Sommelier Secrets: 6 Pros Share Tips for Finding Sublime Wines #hackdining

Do you feel like you need a drink just to tackle a restaurant’s wine list? Even if you’re something of an oenophile, do you get overwhelmed by the number of choices you have? Whether you want to try something new and different, discover a hidden bargain, or indulge in a once-in-a-lifetime splurge, these experts are quite literally here to serve. Use these sommelier secrets to help you find terrific wine the next time you dine.

Wine Director Eugenio Jardim, Black Cat, San Francisco, California
Pro tip: Go for grower.
“I knew people would be inspired to drink Champagne at Black Cat because it’s a restaurant and a club, so I named the category ‘Grower Champagne,’ sending a clear message. It’s basically Champagne made by the people who grow the grapes. Growers let us look at Champagne as any other wine, allowing its ‘imperfections’ to be discovered and appreciated. Some grower-producers that paved the way have become more expensive; it’s disappointing. They shouldn’t be as expensive because they don’t pay for marketing the way the big houses do.” Make a reservation at Black Cat.

sommelier secrets

Sommelier Rob Guimaraes from Trattoria Il Mulino, Nashville, Tennessee
Pro tip: In Italy, go beyond the Brunello and Pinot Grigio.

”In Italy, there are a wealth of styles of wine; it’s so diverse. I brought on Lacrima, from central eastern Italy on the coast. It’s similar to Pinot Noir or an intense Beaujolais with aromatic intensity. It’s a light and open, floral wine, from the Marche. Near Rome, Frascati with native grapes like Malvasia is fun — uncomplicated, good value for Pinot Grigio drinkers with a pistachio note. Soave is a region in the Northern part of Italy. It was popular decades ago; it was Frank Sinatra’s favorite wine. But now there are a number of producers with quality. It’s fantastic with pastas and creamy sauces — or even black ink. If you like Brunello, try Rosso di Montalcino; it can be brighter and always less expensive, and it’s still 100% Sangiovese. Sicily is pretty hot right now. The Etna region offers Mascalese, like Nebbiolo, and also Frappato and Nero d’Avola. Verdicchio is maybe my favorite white. Around Le Marche, it’s a side step from Chardonnay with an almond finish that’s similar to oak in Chardonnay but a good bit of weight and phenomenal acidity. Make a reservation at Trattoria Il Mulino.

sommelier secrets

Wine Director Jason Jacobeit, Bâtard, New York, New York
Pro tip: There’s bang for your buck in Burgundy.
”Be open to what the scope of the restaurant is because, with globalization with wine, sommeliers may focus on a single varietal or region. At Bâtard, the smart money is on Burgundy; almost all of our list is dedicated to Burgundy.

Amelie Berthaud is lovely young winemaker at Hautes-Côtes de Nuits, a single vineyard. Patrick Javillier has been making wines since the 70’s; his wines are not expensive but made just outside Meursault. As the wines have gone to the stratosphere, the entry-level wines are the ones producers are excited about because they are the gateway. They can over-deliver, especially for a Burgundy drinker. At least once a night, I hear, ‘There’s no value in Burgundy,’ but the real story is how layered it is — the pride in entry-level wines is amazing. There’s really good fruit.” Make a reservation at Bâtard.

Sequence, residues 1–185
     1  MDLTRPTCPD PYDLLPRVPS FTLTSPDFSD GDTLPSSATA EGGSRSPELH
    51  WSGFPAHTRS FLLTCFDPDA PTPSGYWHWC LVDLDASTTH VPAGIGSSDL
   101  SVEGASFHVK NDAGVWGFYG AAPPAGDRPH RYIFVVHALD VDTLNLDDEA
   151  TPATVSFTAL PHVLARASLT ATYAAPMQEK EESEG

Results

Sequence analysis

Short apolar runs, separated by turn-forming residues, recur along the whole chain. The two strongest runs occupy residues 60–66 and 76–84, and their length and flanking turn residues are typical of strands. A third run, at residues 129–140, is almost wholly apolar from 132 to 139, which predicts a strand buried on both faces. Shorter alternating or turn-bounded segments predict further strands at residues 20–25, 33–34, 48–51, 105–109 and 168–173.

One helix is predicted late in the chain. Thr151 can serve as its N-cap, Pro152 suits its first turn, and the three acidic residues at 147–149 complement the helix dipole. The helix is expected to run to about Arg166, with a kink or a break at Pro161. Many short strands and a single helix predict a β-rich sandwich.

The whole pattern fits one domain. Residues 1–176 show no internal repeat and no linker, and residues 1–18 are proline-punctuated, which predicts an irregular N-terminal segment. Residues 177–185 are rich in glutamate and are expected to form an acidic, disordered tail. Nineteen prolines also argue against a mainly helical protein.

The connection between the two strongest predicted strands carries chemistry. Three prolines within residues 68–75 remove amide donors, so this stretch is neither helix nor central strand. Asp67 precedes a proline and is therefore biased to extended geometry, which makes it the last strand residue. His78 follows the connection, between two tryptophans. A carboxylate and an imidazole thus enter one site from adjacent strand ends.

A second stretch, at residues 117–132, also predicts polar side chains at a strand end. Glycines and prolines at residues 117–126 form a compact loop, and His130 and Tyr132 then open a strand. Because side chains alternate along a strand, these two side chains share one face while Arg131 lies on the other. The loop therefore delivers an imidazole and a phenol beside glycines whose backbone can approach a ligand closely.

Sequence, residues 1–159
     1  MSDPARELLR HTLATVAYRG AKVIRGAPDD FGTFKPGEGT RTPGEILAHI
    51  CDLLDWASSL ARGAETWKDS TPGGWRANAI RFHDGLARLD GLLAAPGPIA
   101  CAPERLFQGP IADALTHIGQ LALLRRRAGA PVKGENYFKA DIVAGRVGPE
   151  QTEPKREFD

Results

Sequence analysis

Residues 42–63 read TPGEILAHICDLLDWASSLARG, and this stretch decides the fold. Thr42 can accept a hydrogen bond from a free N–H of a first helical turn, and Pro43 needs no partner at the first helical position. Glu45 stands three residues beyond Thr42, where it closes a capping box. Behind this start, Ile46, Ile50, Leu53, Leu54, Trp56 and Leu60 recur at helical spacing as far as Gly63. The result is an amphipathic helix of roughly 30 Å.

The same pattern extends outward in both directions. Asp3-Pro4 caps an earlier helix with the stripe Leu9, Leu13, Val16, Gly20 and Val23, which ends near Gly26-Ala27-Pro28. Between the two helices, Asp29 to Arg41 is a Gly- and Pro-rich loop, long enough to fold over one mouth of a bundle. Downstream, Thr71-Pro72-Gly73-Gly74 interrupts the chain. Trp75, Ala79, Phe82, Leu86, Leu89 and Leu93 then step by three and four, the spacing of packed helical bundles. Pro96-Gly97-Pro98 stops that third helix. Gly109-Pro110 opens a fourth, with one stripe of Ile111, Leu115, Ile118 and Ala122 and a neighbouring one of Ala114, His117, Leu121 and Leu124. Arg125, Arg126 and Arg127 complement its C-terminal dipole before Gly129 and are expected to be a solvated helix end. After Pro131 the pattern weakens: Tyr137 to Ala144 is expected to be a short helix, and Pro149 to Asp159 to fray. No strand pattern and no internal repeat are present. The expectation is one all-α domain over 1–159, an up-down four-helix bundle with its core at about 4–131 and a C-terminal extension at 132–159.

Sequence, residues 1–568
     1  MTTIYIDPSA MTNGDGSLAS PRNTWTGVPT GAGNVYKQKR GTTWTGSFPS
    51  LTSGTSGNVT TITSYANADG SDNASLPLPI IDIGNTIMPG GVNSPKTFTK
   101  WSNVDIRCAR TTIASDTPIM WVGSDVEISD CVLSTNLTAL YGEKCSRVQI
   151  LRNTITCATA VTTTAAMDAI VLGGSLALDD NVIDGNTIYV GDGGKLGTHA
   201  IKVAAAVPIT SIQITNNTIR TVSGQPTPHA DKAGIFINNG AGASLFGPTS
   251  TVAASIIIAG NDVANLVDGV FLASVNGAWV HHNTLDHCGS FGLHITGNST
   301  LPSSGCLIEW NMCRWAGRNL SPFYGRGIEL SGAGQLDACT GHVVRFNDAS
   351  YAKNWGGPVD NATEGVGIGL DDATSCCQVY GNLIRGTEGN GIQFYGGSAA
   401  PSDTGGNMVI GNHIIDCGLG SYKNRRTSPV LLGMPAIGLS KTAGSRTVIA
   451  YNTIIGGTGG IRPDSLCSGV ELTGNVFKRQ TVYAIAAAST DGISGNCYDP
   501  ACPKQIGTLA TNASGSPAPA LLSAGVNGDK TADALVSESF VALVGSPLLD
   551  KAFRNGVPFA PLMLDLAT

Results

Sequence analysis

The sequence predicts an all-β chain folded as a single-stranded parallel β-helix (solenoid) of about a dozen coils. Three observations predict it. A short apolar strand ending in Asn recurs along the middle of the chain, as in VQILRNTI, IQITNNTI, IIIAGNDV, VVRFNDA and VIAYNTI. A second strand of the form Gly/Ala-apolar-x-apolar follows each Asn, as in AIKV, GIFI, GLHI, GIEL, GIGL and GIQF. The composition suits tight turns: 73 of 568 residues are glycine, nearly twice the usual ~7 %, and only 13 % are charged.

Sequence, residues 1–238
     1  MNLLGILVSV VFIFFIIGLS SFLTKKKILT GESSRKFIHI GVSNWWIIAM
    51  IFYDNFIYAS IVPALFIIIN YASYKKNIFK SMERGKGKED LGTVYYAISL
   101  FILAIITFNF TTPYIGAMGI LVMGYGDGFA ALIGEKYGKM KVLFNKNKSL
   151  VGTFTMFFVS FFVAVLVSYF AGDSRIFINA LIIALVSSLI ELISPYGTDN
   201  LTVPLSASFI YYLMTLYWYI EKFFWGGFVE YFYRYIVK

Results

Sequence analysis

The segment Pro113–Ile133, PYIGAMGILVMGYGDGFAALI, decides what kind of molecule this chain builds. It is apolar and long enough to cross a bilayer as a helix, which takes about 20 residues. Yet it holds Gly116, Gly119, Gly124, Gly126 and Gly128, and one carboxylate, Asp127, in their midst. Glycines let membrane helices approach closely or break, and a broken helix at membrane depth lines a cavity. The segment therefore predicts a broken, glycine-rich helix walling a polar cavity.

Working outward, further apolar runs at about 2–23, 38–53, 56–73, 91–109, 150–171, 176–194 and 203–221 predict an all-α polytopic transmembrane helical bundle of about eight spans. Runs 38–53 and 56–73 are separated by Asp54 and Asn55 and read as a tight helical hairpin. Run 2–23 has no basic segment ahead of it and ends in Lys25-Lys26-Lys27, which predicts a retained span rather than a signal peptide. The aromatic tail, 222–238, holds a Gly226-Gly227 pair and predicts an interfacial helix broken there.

sommelier secrets

Sommelier Jeff Kellogg, Quince and Cotogna, San Francisco California
Pro tip: Start with price, then ‘sip’ back and relax.
“Put yourself in the hands of the sommelier and just share the price point. Often I’ll fudge that; if something is right up your alley, if I have something that is $110 and you said $100, I will charge you the cap. I want you to get something great, not upsell. Also if something sticks out, a strangely weird section on the list, for example, ask the sommelier about it because it’s probably where their passion is and you might get turned on to something new.” Make a reservation at Quince or Cotogna.

sommelier secrets

Sommelier Belinda Chang, formerly of Maple & Ash, Chicago, Ilinois
Pro tip: Pass on the by-the-glass pairings.
“It’s an old idea that there’s just one wine that goes with each course. I don’t think that’s a meaningful way to engage with the wine. It varies from chef to chef, but with balanced dishes, it’s easier to find wines that match [all the dishes].” Make a reservation at Maple & Ash.

sommelier secrets

Sommelier Cate Hatch, Restaurant Eugene, Atlanta, Georgia
Pro tip: You can find a ‘one-drink-fits-all’ selection.
“Champagne, bubbles in all categories, rosé including sparkling, Riesling with some residual sugar, Gamay Beaujolais — all are low alcohol and pair well with most things. If none of those works for you, try a beer. We have a team of sommeliers and they write the wine list and cocktail menu and select the beers. We get as excited about the scotches as wine. We’ve even done mocktail pairings and tea pairings.” Make a reservation at Restaurant Eugene.

sommelier secrets

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Amy Sherman is a San Francisco-based writer, editor, blogger, and cookbook author. She is the publisher of the food blog Cooking with Amy. She currently contributes to numerous online publications including Food Network, Fodor’s and Refinery 29 and never says no to a warm donut. Follow her @cookingwithamy.

Photo credits: Kelly Puleio (Black Cat); Heidi Geldhauser (Restaurant Eugene).